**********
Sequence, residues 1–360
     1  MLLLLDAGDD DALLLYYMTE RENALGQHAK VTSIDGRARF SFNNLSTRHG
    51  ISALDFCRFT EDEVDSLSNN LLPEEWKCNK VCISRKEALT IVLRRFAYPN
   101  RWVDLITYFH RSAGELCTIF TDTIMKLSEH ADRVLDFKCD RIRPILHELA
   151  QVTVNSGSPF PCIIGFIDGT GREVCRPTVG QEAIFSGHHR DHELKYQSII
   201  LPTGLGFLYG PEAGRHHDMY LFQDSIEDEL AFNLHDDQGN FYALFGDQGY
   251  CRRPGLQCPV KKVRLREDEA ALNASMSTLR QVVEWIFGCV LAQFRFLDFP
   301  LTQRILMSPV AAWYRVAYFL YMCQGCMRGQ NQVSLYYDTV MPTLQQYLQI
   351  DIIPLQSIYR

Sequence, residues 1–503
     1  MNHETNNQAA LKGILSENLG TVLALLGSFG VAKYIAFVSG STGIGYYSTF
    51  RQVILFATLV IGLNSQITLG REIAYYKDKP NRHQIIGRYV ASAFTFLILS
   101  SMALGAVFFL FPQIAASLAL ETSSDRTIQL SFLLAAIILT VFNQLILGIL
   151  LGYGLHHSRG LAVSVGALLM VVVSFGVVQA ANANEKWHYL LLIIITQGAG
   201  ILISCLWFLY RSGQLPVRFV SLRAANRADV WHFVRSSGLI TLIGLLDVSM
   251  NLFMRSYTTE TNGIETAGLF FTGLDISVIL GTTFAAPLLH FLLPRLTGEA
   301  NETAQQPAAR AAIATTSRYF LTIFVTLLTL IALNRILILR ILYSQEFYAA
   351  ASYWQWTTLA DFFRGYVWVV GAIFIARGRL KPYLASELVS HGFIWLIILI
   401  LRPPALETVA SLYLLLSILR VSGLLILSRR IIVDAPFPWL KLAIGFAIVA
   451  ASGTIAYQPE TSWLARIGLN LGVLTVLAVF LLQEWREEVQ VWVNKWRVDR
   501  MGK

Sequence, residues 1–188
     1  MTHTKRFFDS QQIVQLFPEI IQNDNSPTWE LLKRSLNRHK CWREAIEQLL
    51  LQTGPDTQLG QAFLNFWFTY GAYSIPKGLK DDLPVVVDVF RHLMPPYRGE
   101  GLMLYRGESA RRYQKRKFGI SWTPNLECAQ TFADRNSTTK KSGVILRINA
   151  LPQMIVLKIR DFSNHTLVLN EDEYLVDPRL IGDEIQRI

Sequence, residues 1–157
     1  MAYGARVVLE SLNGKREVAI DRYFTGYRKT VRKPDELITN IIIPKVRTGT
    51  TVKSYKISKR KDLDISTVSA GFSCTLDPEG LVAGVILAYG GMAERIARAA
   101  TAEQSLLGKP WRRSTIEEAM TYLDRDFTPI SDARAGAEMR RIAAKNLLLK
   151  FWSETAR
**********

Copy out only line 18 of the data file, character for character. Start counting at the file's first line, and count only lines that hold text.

   351  ASYWQWTTLA DFFRGYVWVV GAIFIARGRL KPYLASELVS HGFIWLIILI